Two weeks ago in this space, as loyal readers may recall, I unburdened myself of a dozen or so “things this old coot finds at least a little bit annoying in today’s world.”

Items on the grouch list included: TV “news” channels that don’t seem to cover much news; the fact that my car looks pretty much like everyone else’s; rude drivers illegally changing lanes while traversing the Pinehurst Traffic Circle.

And even though I got supportive responses to that screed from several folks out there (and though it was I who rhetorically asked several months ago whether there was “any such thing as a positive trend these days”), it seems only fair to counterbalance all that whining by mentioning at least a few things that are better about this troubled age we inhabit.

A few examples:

■ GPS. How did I ever live without this miracle of modern technology, short for “global positioning system,” in my car? It gives me an instant, constantly updating map of the most efficient route or routes to any other point in the world, if not the universe. (Of course, there is the nagging awareness that someone or something up there always knows exactly where I am at any given moment, but whatever.)

And, speaking of my car …

■ Those two wonderful little wide-angle rear-view cameras, one tucked away beneath the right-side mirror and the other peering unblinkingly from just above the license plate, which give me a crystal-clear dashboard view of whether it’s safe to back up or change lanes. Again: How did I ever live without those things?

■ The technological advances that have made weather forecasting so much more accurate and long range than in the relatively primitive days of my youth.

But enough technology. Some more human examples:

■ The extraordinarily lively and vibrant state of business in our beloved downtown Southern Pines. (If you have any doubt about how lucky we are in that regard, try driving 45 minutes south to once-thriving Rowland, which now presents a most depressing array of boarded-up storefronts.)

■ The praiseworthy amount of time spent and compassion displayed by today’s animal rights groups, which succeed in preventing so much cruelty and finding so many good homes for deserving pooches and kitties.

■ The gratifyingly large number of women now succeeding so admirably in professions like law and medicine — compared with the meager number a half-century ago, when the accepted wisdom was that “a woman’s place is in the home.”

■ The courage and determination that so many of our major news media entities (especially newspapers) have shown lately in spotlighting and commenting on disturbing recent trends and activities in Washington and elsewhere — at a time when it may not always be popular or profitable for them to be doing so.

Yep, our times could be a lot worse than what they are.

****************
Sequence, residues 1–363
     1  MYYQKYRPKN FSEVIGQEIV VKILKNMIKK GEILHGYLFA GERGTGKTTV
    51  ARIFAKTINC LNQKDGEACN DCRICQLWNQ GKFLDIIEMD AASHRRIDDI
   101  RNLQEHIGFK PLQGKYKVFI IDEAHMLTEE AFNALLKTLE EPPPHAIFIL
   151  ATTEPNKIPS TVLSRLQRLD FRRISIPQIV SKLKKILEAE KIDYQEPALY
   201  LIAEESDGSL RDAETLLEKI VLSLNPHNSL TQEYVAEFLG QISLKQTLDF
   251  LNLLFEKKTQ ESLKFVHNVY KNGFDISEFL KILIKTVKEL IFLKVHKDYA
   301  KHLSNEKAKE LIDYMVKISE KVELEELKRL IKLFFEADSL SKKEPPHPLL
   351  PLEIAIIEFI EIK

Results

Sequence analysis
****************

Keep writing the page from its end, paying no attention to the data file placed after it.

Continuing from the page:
Now. Before I close, permit me a P.S.

One of the things I griped about last week was “people who are always misusing the phrase ‘that begs the question.’” A couple of readers drew a blank on that obscure complaint and asked me to explain. So here goes.

It’s easy to assume that “begging” a question is the same as “raising” it, as in: “This heat begs the question of whether there’s global warming going on.” But from what I’ve read, that’s not it. The real (or at least original) meaning of the term is “a logical fallacy in which the writer or speaker assumes the statement under examination to be true.” Or, “using a premise to support itself.”

One example I found: “We know God exists because God says so in the Bible.”

Steve Bouser is the retired editor and Opinion editor of The Pilot. Contact him at

(2) comments

Kent Misegades

In 1970 approximately 40% of women in the US worked outside the home. Today is around 46%. Not much of a change. What has increased dramatically since 1970 - children born out of wedlock, single parent households, kids without fathers, careers or high school diplomas. I recall the emancipated stay-at-home mothers and the solid families of 1970. Those ladies were the bedrock of society.

Jim Tomashoff

Kent's figures are wrong, as usual. Actually over 70% of women with children work "outside the home," according to the Bureau of Labor Statistics. Kent longs for the "Leave It To Beaver," and "Father Knows Best," days. Well, actually he longs for the days when every family, especially white southern families, had at least one "colored" woman at home to take the burden of housekeeping off the back of the stay-at-home mother. Ah, the good old days, right Kent? To see Kent's ideal family in action see the movie "The Help."

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